So how did that online number go awry? First of all, it bolsters the case that the 3.2 billion pageviews per month is way too low. But it also could imply that the $3.1 billion in 2008 online revenue reported by the NAA is way too high.

I suspected this the other day when I did a back-of-the-napkin calculation on how much revenue The New York Times’s website brings in a year. I came up with somewhere between $130 million and $170 million (I got to this by backing some numbers out of the Times Company’s 2008 securities filings, so they’re a very rough estimate).

Say the NYT’s online revenue is an even $150 million to make it easy. That implies that the Times only gets 5 percent of the industry’s online revenue. That despite the fact that it is by far the most dominant newspaper site, getting (again, according to Nielsen, which we pointed out above may have low-ball readership) about 20 million unique visitors a month. That means about 30 percent of the 67 million total online readership in the U.S. reads the Times in any given month.

Now, of course, most people read more than one newspaper site. But that would presume a lot of reading of several different newspapers for the average online reader. Plus, I assume the Times gets higher ad rates than just about anyone else.

But more intriguingly, Langeveld raises the possibility that newspapers have been fluffing their books to make their online divisions look better:

Or, dare I say it, is it possible that newspapers assigning, by accounting maneuvers, a disproportionate share of their revenue to their online divisions, for example when they arbitrarily assign to online a percentage of the revenue in combination print/web ad packages, or credit a revenue share to online revenue in instances where advertisers are merely bonused online exposure as added value to a print buy?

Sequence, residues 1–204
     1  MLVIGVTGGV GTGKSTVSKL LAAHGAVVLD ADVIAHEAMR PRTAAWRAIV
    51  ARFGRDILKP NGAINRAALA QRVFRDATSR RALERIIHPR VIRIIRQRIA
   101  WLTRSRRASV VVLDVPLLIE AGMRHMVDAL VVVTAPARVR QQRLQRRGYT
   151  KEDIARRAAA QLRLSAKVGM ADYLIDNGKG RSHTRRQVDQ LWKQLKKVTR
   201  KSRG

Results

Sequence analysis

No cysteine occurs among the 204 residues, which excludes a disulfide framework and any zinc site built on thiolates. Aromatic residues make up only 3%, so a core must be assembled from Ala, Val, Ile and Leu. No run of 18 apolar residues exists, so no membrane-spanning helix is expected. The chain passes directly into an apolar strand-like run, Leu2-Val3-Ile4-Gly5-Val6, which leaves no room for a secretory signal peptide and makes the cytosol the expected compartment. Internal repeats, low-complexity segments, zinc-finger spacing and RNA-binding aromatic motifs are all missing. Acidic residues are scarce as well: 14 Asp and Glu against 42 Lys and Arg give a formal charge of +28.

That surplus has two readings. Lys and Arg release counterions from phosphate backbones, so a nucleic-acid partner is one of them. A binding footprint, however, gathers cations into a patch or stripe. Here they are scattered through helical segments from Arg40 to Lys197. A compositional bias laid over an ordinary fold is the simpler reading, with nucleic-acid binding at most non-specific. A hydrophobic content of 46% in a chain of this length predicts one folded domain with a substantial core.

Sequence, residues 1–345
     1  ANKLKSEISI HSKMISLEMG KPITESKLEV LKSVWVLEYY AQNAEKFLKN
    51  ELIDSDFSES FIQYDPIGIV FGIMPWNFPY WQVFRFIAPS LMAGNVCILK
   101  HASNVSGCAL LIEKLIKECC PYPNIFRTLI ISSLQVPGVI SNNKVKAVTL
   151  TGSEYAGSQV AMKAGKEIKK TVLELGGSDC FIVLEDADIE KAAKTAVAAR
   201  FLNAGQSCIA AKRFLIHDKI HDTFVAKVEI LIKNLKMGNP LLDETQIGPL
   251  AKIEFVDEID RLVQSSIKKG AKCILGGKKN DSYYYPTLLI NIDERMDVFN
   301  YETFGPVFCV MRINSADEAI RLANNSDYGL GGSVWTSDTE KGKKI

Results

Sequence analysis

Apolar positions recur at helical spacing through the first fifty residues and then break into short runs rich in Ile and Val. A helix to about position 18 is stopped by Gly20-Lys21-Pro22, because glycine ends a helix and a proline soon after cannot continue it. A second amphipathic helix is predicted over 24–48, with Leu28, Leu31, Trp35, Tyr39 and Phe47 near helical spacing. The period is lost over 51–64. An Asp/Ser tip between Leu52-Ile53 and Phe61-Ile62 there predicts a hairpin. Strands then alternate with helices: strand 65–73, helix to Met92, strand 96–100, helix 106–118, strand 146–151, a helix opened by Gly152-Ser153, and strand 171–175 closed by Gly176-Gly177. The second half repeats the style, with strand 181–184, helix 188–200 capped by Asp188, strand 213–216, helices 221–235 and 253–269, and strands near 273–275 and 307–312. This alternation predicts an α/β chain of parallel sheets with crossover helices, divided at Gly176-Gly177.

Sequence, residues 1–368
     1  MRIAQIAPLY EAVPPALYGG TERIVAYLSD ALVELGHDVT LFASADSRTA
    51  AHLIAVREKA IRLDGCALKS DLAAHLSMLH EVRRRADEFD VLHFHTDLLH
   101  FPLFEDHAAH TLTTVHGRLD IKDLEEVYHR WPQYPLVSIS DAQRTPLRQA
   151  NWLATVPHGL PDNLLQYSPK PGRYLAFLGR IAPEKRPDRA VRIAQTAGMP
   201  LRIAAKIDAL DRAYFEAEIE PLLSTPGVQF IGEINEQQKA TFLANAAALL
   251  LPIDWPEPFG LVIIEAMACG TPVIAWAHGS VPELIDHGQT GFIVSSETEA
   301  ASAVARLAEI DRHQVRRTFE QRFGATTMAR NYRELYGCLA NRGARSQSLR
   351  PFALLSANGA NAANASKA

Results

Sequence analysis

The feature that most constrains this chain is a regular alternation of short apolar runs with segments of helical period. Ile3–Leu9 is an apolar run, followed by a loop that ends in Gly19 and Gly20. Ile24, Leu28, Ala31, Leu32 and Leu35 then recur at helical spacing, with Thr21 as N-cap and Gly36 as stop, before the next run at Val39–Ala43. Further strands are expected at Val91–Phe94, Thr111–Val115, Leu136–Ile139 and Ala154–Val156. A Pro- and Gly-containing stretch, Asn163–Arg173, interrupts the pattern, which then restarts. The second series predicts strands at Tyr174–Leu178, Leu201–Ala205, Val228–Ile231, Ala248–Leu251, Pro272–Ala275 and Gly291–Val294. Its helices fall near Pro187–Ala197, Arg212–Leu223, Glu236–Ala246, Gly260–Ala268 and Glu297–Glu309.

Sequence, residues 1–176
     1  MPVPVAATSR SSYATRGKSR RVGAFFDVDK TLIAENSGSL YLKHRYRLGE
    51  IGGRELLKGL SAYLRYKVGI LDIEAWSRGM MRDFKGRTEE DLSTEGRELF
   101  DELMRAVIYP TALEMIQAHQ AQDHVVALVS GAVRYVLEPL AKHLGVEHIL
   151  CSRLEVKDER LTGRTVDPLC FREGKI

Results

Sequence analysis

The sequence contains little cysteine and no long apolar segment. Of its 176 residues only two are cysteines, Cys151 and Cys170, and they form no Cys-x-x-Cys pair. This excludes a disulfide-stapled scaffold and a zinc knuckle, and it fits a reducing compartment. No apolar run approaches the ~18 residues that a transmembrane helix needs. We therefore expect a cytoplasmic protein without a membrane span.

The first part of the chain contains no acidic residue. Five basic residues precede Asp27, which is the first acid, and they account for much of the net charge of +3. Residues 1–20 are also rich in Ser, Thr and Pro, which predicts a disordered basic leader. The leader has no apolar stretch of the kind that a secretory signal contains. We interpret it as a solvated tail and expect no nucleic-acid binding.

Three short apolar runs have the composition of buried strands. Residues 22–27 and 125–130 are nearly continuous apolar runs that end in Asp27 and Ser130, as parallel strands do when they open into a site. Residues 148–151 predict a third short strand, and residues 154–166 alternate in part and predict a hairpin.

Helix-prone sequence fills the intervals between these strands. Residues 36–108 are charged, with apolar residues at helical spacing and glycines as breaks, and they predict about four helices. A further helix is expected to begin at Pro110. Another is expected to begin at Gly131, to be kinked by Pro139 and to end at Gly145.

There’s a lot of wiggle room in accounting.

The bigger issue here is that we too often forget that newspapers are still a massive and profitable industry. Most of the blog commentary on the state and fate of the newspaper business comes from early adopters, tech enthusiasts—people who know their way around an RSS feed and who have a few dozen links on their blogrolls.

But I think we tend to forget that these (and I’m one of them) are extreme news consumers, far from the norm. Most people don’t use news like the top 1 or 2 percent do. I suspect they like to have an authoritative source they can go to that will keep them up on the world.

That’s why I think it’s not crazy to think they’ll pay for newspapers online—or on a Kindle-type device.

After all, forty million people a day already pay for an inferior product in the printed form. And charging online will slow circulation declines as the value equation changes from “I’m an idiot to pay hundreds of dollars a year for something that’s free elsewhere” to “I won’t get my newspaper unless I pay.”

And anybody who wants to leak me some real numbers so we don’t have to keep using these rough estimates, feel free!

(h/t Romenesko)

Ryan Chittum is a former Wall Street Journal reporter, and deputy editor of The Audit, CJR's business section. If you see notable business journalism, give him a heads-up at rc2538@columbia.edu.